Johannesburg - Road rage is on everyone's lips after a despicable act involving a passenger of a Porsche Boxster driver got South Africans fuming earlier this week and then another tantrum in Pretoria hit the headlines on Friday.
While we might not have a patch on Russians when it comes to road rage, aggression on the road is still a significant problem in our country and it's essential for us all to face the problem head-on and ask whether we're doing our best to make our roads a calmer place.
Insurance provider Dial Direct has taken a long hard look at the phenomenon and spokesperson John October imparts some valuable advice about keeping your cool behind the wheel.
October points out that even the most laid-back person can be led to take their frustration out on other drivers after a stressful day, although there a few problem behaviours that could indicate that you're in the danger zone.
SIX QUESTIONS TO ASK YOURSELF
Do I regularly exceed the speed limit to get to work on time?
Do I drive too close to other drivers?
Do I flash my lights and hoot to let drivers know when they annoy me?
Do I verbally abuse other drivers whether they can hear me or not?
Do I frequently weave in and out of traffic to get ahead?
Do I feel the need to set bad drivers straight?
WHY ROAD RAGE OCCURS
October points out that road rage is really just the release of pent up anger which very often has little to do with driving or traffic:
“If a person is already at boiling point after an argument with their boss, for example, someone unintentionally cutting them off in the traffic can be all it takes to push them over the edge.”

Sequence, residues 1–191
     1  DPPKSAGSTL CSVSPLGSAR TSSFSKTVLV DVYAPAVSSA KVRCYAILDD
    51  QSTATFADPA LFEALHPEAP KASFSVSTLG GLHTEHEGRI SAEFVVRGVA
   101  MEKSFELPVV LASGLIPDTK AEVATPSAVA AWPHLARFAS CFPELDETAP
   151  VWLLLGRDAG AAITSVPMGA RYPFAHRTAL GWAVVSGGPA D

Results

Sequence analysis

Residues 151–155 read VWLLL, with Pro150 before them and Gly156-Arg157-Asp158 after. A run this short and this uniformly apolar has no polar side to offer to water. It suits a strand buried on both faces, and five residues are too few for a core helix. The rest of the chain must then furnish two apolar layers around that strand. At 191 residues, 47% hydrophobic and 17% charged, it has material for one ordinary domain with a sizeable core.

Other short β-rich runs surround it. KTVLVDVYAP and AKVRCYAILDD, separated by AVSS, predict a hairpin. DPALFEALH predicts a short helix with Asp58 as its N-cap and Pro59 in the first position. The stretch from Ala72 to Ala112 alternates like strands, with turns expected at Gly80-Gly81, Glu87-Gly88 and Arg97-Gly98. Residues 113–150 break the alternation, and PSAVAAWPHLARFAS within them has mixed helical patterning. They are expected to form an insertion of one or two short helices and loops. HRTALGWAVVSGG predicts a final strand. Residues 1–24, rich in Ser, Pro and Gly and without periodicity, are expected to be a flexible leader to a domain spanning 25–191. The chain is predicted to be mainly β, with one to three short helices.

Ultimately, as a driver the onus is on you to manage your emotions while driving.
HOW TO AVOID ROAD RAGE
Don’t take bad behaviour personally
This is the most important psychological trick. When encountering another motorist's bad driving and/or seemingly arrogant attitude, remember that it has nothing to do with you. It is far more likely that that driver was distracted by something in his/her own car, and the ensuing behaviour was not meant to deliberately irk you.
If you are the type of person who allows just enough time to drive to an appointment, you might be more prone to temper and speeding. Adding 10 minutes to your expected journey time means being able to negotiate road works or other unexpected delays, without worrying about being late, and a calmer drive.
Change the radio channel
Listen to music that relaxes you, rather than hypes you up. Or, use the time to listen to an audiobook of that that novel you've been meaning to read for months.
Get enough sleep
Eight hours of sleep can do wonders for alleviating feelings of annoyance and anger.